Will Neil Woodford Buy Lloyds Banking Group PLC?

On 11 July this year, the Daily Mail reported that ace investor Neil Woodford was eyeing up a stake in Lloyds Banking (LSE: LLOY) (NYSE: LYG.US).

The Mail claimed it had been told by ‘City sources’ that Woodford’s Invesco Perpetual fund management group was “in talks to take a stake of up to 10 per cent” of the part-taxpayer-owned bank.

Woodford, who famously sold out of banks before the financial crisis, was quick to scotch the rumour:

“Reports of my imminent return to the banks sector through a purchase of some of the Government’s stake in Lloyds are not correct. I have absolutely no intention of buying a stake in Lloyds or any other UK-focused high street bank at the present time and don’t expect to do so for some time”.

Woodford went on to itemise the factors that put him off buying:

  • “cannot quantify the risk of dilution through future capital raisings”;
  • “concerned about the extent of loan losses sitting in these banks’ balance sheets, awaiting recognition in the coming years as and when they have enough capital to absorb them”; and
  • “prospect of dividends from the likes of Lloyds during this process is remote”.

We might reasonably infer that the converse of these factors could lead Woodford to consider investing in Lloyds. While at the time he was writing Woodford believed the negatives had “several years to run”, subsequent newsflow from Lloyds has been strong, with progress ahead of targets.

In particular — for their relevance to Woodford’s concerns — Lloyds reported within its half-year results announced on 1 August:

  • “Capital build ahead of expectations with fully loaded core tier 1 ratio of 9.6 per cent; now targeting fully loaded core tier 1 ratio of above 10 per cent by year end, twelve months ahead of plan”;
  • “Non-core asset reduction of £17 billion, ahead of plan and capital accretive. Now targeting non-core assets of less than £70 billion by end 2013, a year earlier than previously expected”; and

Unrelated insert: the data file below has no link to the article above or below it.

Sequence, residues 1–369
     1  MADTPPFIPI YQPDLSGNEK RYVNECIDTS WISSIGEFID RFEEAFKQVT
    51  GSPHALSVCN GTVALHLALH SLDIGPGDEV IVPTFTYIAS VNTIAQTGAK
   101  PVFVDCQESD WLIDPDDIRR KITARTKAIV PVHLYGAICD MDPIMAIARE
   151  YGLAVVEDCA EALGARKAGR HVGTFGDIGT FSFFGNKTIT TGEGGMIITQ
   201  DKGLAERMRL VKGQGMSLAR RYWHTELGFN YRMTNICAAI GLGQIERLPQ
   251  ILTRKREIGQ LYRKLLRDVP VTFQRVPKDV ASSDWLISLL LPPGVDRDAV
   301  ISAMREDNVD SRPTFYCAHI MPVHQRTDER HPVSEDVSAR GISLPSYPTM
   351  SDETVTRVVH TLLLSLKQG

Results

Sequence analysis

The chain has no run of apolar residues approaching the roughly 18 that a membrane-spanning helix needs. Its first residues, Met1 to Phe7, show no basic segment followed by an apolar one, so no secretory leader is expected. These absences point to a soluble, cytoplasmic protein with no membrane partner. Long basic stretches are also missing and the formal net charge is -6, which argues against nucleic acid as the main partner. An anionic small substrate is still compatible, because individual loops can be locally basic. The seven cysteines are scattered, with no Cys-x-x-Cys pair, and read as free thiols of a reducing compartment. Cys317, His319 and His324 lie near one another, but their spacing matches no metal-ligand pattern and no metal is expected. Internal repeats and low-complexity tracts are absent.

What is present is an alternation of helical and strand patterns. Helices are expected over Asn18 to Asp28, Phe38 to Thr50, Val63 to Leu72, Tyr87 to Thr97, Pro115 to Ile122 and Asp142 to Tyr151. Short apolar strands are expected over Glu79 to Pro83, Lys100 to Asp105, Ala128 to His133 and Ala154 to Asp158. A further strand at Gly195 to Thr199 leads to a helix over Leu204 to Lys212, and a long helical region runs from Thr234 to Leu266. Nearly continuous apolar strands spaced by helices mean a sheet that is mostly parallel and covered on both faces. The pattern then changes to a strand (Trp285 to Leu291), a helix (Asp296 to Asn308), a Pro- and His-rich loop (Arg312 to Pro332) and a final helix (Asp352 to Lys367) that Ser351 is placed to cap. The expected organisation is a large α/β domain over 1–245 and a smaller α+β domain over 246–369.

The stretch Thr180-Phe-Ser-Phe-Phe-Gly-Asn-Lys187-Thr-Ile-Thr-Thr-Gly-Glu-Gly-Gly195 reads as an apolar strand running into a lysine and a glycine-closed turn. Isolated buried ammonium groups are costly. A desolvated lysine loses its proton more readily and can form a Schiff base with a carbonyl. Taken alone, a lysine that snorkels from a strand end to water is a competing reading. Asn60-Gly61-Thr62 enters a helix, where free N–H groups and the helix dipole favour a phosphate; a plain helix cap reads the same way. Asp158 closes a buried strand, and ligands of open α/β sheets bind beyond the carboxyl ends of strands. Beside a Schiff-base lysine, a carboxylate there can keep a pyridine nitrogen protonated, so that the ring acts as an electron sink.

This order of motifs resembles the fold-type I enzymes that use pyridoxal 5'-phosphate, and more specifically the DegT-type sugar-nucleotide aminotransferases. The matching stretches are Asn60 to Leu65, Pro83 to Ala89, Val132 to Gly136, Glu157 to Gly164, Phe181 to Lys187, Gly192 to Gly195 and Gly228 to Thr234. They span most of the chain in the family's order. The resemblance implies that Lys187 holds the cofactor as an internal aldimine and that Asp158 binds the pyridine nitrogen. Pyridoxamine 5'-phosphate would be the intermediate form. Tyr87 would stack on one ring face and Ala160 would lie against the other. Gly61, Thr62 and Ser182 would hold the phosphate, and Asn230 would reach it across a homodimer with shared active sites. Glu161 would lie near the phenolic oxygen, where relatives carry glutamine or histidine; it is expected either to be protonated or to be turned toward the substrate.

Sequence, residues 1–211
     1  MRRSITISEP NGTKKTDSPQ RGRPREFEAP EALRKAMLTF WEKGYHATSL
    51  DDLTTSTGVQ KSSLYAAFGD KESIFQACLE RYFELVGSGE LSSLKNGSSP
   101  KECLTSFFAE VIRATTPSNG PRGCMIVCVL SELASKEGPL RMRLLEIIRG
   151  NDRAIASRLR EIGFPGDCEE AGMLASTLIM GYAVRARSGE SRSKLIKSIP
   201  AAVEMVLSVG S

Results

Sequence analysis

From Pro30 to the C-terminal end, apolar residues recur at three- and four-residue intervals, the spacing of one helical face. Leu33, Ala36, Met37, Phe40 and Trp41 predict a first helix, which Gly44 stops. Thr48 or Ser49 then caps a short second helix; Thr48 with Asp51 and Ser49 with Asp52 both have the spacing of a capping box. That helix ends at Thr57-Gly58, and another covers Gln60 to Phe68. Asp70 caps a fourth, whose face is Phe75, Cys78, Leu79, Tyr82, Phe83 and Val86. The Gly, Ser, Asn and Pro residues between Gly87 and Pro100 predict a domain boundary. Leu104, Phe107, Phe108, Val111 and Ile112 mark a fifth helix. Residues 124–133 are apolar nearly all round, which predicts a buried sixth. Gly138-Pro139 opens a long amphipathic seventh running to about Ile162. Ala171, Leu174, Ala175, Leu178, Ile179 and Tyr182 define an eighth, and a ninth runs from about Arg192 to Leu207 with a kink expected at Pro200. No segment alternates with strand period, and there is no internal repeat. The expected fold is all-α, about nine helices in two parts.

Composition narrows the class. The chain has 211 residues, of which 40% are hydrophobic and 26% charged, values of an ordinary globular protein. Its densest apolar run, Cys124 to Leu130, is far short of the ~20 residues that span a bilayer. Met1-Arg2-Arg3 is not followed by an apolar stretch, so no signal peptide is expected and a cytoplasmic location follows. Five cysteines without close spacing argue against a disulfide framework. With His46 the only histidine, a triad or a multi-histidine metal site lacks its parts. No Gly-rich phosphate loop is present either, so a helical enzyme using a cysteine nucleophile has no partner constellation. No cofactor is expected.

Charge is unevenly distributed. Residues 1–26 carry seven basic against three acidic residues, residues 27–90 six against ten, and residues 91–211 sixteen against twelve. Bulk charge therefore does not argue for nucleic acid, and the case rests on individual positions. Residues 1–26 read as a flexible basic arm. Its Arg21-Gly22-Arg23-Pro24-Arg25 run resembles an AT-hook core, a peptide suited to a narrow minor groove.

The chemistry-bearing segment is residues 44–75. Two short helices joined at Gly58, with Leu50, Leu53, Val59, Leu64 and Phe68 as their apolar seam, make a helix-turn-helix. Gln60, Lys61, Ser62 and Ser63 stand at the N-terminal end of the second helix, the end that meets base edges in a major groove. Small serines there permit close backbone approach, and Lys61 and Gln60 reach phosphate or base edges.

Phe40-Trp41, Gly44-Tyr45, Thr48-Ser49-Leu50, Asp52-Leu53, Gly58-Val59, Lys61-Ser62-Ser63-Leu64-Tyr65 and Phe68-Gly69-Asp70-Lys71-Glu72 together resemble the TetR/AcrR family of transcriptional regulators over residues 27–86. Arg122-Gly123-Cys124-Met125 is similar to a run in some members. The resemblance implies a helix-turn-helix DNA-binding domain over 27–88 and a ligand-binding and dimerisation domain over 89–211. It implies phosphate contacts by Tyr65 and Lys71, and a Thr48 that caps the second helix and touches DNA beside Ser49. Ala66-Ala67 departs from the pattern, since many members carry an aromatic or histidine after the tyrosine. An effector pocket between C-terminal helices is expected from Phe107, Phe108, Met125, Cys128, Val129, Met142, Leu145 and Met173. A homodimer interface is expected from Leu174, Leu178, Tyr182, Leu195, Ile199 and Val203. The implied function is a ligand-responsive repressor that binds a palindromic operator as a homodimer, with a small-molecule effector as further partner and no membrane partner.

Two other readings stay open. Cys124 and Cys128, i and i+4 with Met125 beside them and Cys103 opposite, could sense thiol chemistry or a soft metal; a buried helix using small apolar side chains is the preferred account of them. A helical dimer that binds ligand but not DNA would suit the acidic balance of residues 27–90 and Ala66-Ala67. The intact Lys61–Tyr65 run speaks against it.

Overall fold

• “As a consequence of the significant progress made in strengthening the balance sheet we now expect to commence discussions with our regulators in the second half of this year on the timetable and conditions for dividend payments”.

Since the release of those results, non-core asset disposals have continued apace, and the government has also begun to sell down its stake in the bank, widely seen as a precursor for resuming dividends.

More analysts are now expecting Lloyds to declare a dividend for the current year when it announces its results next February. As a result, the consensus forecast dividend has gone up to 0.70p a share from 0.19p six months ago.

Indeed, JP Morgan has recently come out and said it not only expects the dividend to restart this year, but also that Lloyds will be the best capitalised UK bank by 2015.

Lloyds may not be investible right now in Woodford’s eyes, but if the Black Horse continues to leap and bound ahead of targets and expectations, it could assuage the master investor’s concerns rather sooner than the “several years” he referred to during July.

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G A Chester does not own any shares mentioned in this article.